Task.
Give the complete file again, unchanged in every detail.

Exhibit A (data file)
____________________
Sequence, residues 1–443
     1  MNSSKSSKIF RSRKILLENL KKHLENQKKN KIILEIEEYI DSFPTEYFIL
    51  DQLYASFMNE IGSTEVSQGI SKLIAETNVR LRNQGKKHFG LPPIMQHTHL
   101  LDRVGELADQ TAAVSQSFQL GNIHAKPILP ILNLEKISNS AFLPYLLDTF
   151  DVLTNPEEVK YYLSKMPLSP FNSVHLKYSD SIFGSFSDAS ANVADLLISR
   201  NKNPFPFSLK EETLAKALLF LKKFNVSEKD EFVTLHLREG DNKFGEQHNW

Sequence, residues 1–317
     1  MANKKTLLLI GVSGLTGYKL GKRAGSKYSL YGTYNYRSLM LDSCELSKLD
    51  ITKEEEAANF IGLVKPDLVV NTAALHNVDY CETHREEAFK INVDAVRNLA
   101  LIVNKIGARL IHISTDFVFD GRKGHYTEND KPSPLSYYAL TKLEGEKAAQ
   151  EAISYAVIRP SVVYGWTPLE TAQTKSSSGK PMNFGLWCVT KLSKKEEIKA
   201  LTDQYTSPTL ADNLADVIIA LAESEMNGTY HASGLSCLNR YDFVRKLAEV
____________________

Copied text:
Sequence, residues 1–443
     1  MNSSKSSKIF RSRKILLENL KKHLENQKKN KIILEIEEYI DSFPTEYFIL
    51  DQLYASFMNE IGSTEVSQGI SKLIAETNVR LRNQGKKHFG LPPIMQHTHL
   101  LDRVGELADQ TAAVSQSFQL GNIHAKPILP ILNLEKISNS AFLPYLLDTF
   151  DVLTNPEEVK YYLSKMPLSP FNSVHLKYSD SIFGSFSDAS ANVADLLISR
   201  NKNPFPFSLK EETLAKALLF LKKFNVSEKD EFVTLHLREG DNKFGEQHNW

Sequence, residues 1–317
     1  MANKKTLLLI GVSGLTGYKL GKRAGSKYSL YGTYNYRSLM LDSCELSKLD
    51  ITKEEEAANF IGLVKPDLVV NTAALHNVDY CETHREEAFK INVDAVRNLA
   101  LIVNKIGARL IHISTDFVFD GRKGHYTEND KPSPLSYYAL TKLEGEKAAQ
   151  EAISYAVIRP SVVYGWTPLE TAQTKSSSGK PMNFGLWCVT KLSKKEEIKA
   201  LTDQYTSPTL ADNLADVIIA LAESEMNGTY HASGLSCLNR YDFVRKLAEV